It’s Not Just Me: The Death Penalty Revisited
I continue to be amazed at the number of people who condemn CatholicCulture.org’s insistence that the application of the death penalty involves prudential judgments about which good people may disagree. Capital punishment is completely different from abortion in this respect. I partially blame this confusion on the inclusion of Pope John Paul II’s own opinion in the Catechism, where its nature as a prudential judgment is not explicitly noted. But this confusion is perpetuated almost daily by bishops and other ecclesiastical lobbyists who should know better. I personally have no strong opinion about the use of the death penalty, but I do have a very strong desire that Catholic doctrine be properly understood. I tried to make all the necessary distinctions three years ago in a column which is now part of our What You Need to Know entry on this topic (see Capital Punishment: Drawing the Line Between Doctrine and Opinion). But when I asked for feedback on our WYNTK series, some readers responded with ire. Folks, this is not just me talking. When Cardinal Ratzinger (now Benedict XVI) sent his instructions to the American bishops on Worthiness to Receive Holy Communion — General Principles, he said the same thing:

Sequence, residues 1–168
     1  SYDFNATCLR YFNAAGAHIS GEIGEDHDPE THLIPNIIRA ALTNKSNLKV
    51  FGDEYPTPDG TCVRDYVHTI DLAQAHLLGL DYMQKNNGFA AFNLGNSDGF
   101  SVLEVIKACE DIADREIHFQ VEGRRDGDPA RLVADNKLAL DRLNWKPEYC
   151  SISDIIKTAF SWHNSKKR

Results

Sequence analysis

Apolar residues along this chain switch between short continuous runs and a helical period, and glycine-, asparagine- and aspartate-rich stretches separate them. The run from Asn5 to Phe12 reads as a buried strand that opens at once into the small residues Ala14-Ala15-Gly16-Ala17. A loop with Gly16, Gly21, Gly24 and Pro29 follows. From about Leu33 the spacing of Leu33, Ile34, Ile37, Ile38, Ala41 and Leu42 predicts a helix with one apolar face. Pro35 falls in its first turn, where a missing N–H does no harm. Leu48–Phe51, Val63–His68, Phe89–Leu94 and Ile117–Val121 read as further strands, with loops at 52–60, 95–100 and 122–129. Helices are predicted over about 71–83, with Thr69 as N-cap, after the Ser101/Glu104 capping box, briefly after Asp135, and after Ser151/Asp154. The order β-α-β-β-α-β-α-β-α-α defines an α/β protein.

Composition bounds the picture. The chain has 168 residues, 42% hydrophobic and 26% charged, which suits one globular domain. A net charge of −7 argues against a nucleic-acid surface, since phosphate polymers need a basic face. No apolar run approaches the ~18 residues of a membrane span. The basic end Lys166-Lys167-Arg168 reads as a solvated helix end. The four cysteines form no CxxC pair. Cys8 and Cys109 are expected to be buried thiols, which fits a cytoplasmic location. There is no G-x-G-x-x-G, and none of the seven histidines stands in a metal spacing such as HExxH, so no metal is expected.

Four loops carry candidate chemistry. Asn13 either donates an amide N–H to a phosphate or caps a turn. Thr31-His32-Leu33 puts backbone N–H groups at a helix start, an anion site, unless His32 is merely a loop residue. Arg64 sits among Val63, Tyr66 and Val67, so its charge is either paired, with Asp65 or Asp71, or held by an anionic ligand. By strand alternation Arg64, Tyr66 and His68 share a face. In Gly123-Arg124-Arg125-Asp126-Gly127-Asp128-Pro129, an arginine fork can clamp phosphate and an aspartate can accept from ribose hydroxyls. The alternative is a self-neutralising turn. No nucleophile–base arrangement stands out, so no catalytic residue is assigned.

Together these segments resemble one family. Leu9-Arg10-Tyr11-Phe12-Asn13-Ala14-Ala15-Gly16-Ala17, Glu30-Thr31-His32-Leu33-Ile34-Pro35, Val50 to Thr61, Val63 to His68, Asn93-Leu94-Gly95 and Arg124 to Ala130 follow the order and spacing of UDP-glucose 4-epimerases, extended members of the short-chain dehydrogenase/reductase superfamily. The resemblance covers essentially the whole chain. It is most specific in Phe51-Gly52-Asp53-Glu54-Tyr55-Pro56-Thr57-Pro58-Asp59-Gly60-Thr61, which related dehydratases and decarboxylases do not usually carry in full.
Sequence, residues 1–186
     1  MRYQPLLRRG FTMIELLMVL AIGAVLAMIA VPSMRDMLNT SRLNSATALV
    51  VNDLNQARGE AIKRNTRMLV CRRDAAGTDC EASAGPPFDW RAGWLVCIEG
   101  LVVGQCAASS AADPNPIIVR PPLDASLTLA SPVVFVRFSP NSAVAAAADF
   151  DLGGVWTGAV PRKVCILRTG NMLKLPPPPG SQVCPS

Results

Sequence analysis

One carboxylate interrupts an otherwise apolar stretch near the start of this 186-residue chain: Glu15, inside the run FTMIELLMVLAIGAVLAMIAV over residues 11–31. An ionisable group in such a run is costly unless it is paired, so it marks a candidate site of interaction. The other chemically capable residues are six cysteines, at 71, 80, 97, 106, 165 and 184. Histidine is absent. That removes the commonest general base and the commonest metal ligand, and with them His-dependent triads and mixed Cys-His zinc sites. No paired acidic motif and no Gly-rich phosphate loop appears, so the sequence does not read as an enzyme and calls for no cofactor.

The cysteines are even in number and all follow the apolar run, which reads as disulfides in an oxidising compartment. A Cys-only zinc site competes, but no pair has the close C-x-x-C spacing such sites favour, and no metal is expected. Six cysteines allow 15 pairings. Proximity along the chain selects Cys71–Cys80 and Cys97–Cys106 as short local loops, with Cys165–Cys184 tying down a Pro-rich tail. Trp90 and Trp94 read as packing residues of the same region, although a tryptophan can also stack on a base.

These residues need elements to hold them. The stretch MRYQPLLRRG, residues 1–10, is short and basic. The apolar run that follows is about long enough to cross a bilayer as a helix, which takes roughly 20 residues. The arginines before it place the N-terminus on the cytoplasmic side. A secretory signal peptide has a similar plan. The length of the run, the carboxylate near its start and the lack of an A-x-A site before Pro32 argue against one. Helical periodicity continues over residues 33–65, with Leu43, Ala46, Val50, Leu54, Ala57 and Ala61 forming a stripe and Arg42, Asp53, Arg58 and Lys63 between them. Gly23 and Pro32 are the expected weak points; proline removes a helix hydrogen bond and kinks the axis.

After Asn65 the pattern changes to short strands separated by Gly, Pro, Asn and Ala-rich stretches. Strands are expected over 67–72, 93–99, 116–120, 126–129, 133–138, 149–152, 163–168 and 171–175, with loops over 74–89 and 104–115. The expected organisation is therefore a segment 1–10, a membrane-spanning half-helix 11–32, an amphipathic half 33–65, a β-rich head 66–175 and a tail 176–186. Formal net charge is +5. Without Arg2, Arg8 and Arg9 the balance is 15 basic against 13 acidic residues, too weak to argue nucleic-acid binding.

3. Not all moral issues have the same moral weight as abortion and euthanasia. For example, if a Catholic were to be at odds with the Holy Father on the application of capital punishment or on the decision to wage war, he would not for that reason be considered unworthy to present himself to receive Holy Communion. While the Church exhorts civil authorities to seek peace, not war, and to exercise discretion and mercy in imposing punishment on criminals, it may still be permissible to take up arms to repel an aggressor or to have recourse to capital punishment. There may be a legitimate diversity of opinion even among Catholics about waging war and applying the death penalty, but not however with regard to abortion and euthanasia.
It is imperative for Catholics to take as their moral compass the precise teachings of the Church; not the opinions of churchmen (especially in areas for which the laity are responsible) and certainly not the fashions of the larger culture. Only with that proper compass can we reasonably decide which direction prudence demands. Without that proper compass, only the merest chance can keep us on course.
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